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Breast Thermography: From Its Montreal Cradle to Crowdfunding Platforms

Does breast thermography work? Scrolling through crowdfunding pleas may give you the impression that it does, but scientific evidence and governmental agencies disagree

Medical students in Michigan want to help screen women in rural India for breast cancer and are trying to raise $12,000 to buy a portable breast thermography device. Donna in Ohio wants to raise $15,500 to provide this technology to women at her breast health symposium. And a number of women are similarly asking for contributions after having been diagnosed using breast thermography, to continue paying for on-going scans. All of this is happening on GoFundMe.

Researchers and journalists have recently started paying attention to how crowdfunding platforms like GoFundMe are helping questionable practitioners earn money by allowing desperate people with incurable illnesses to raise funds for pseudoscientific interventions. A limited study discovered $6.7 million had been raised for unsupported and potentially dangerous treatments. For treatment regimens that included homeopathy, Canadian researchers reported pledges of over $1.4 million worldwide. Meanwhile, in the United Kingdom, it’s the equivalent of $10 million that has been raised for alternative cancer treatments on crowdfunding platforms since 2012.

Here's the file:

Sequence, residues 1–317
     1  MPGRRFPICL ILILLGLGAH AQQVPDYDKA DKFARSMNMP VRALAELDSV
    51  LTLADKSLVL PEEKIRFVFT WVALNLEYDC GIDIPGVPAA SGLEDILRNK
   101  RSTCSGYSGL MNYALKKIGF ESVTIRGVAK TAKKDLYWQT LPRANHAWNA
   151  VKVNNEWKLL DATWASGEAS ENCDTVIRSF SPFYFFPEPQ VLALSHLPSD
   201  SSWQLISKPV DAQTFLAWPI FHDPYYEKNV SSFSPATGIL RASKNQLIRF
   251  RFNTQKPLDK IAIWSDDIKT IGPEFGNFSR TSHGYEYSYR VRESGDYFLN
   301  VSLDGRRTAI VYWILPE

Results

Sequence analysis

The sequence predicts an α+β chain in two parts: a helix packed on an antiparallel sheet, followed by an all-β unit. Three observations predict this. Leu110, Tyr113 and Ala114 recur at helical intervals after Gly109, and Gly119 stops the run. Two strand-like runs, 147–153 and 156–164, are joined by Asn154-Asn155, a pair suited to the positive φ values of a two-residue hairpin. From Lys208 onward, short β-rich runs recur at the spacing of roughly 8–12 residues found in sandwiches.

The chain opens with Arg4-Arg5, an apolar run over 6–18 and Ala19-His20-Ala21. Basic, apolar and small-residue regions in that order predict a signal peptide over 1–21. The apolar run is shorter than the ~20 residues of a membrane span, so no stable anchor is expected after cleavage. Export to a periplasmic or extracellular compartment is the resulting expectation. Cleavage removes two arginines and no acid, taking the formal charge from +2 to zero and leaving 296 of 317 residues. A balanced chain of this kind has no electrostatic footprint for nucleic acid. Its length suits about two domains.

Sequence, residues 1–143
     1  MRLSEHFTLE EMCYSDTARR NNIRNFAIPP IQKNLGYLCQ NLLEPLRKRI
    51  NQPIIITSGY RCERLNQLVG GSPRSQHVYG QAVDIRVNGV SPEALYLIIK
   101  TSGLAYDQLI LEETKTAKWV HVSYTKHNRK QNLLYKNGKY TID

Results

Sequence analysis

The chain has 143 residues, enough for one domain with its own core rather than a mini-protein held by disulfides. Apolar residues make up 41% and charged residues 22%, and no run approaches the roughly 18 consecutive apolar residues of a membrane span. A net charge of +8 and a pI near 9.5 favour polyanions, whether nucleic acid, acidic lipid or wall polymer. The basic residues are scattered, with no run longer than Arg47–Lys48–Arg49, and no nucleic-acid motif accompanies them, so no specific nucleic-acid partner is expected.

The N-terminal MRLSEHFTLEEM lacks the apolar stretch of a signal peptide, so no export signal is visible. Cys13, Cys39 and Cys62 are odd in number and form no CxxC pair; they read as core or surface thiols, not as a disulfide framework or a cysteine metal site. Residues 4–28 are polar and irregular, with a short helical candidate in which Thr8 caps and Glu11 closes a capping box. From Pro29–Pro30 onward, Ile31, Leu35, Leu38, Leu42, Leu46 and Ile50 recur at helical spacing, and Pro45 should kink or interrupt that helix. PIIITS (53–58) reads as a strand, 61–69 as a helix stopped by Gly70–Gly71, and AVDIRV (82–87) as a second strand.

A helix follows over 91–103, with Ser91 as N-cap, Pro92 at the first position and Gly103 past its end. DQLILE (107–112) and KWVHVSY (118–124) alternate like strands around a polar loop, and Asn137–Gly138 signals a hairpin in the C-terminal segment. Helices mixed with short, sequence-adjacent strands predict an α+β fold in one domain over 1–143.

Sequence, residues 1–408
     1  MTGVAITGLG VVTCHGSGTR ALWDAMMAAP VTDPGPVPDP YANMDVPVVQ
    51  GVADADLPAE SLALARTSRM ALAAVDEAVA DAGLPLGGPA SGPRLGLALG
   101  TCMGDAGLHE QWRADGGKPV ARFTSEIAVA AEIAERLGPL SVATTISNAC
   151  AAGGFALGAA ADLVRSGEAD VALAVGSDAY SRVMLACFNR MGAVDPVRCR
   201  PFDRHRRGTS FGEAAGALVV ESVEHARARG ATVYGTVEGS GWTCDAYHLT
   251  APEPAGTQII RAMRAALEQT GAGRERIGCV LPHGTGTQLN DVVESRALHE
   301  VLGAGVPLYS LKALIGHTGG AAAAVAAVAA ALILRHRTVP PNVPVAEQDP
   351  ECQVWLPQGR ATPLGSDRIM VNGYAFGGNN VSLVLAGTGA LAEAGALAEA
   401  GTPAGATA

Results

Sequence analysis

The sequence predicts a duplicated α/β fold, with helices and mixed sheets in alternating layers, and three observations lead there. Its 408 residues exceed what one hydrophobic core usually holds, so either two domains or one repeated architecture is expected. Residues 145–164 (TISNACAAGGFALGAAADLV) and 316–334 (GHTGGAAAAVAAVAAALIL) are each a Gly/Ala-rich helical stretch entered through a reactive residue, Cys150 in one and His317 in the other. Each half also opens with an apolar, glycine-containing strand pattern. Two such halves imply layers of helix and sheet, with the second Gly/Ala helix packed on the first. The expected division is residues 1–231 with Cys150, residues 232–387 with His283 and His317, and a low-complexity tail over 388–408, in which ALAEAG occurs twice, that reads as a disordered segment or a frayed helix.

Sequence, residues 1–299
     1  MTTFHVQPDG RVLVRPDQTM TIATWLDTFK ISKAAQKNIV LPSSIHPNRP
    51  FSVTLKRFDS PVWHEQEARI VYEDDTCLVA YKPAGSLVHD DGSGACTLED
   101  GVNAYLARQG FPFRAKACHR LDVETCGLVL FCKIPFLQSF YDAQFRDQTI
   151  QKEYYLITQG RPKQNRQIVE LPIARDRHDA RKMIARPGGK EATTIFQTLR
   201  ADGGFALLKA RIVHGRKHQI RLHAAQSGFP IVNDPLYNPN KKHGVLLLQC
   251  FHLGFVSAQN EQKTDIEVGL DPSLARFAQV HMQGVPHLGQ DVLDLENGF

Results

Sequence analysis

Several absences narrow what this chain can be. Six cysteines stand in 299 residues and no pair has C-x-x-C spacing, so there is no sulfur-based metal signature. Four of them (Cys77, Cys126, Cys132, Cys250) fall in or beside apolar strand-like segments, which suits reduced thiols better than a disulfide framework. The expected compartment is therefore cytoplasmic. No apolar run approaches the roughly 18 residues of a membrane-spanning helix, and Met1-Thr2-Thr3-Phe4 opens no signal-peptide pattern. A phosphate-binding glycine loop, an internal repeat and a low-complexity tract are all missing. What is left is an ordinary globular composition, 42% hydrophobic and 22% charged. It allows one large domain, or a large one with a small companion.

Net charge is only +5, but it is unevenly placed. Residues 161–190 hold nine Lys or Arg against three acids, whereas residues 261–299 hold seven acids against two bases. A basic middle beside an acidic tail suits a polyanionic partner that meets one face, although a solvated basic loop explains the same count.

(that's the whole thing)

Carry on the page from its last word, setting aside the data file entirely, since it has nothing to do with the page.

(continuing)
Breast thermography—which is not the same as a mammogram—may look tempting on its surface. It doesn’t have the discomfort for which mammograms are infamous, and it eschews X-rays. And those medical students in Michigan want to bring this technology to help Indian women who can’t access mammograms, so the technology must be sound, right?

It started in Montreal

The method was developed by a Canadian physician,  Dr. Ray Lawson, who did his residence in experimental surgery at McGill University at the tail-end of World War II and who subsequently worked at the Royal Victoria Hospital in Montreal until 1972.

He was particularly concerned by the rising rates of breast cancer at the time and what could be done to improve its early detection. In the early 1950s, he discovered a peculiar property of breast tumours: they emitted heat.

It makes sense. Cancer cells replicate very quickly and they create new blood vessels. This increase in blood supply gives them the nutrients they need to grow but also allows them to detach from the main tumour and sail around the body to seed metastases.

So if breast cancer has a heat signature, could it be detected and used to screen women? Lawson thought so and even appropriated some declassified Cold War infrared technology to turn it into a medical diagnostic machine, the Thermoscan.

This would-be Heritage Minute is a great story. It combines Canadian entrepreneurship with the repurposing of military technology toward a beneficial medical application.

But, again, does it work?

The evidence on breast thermography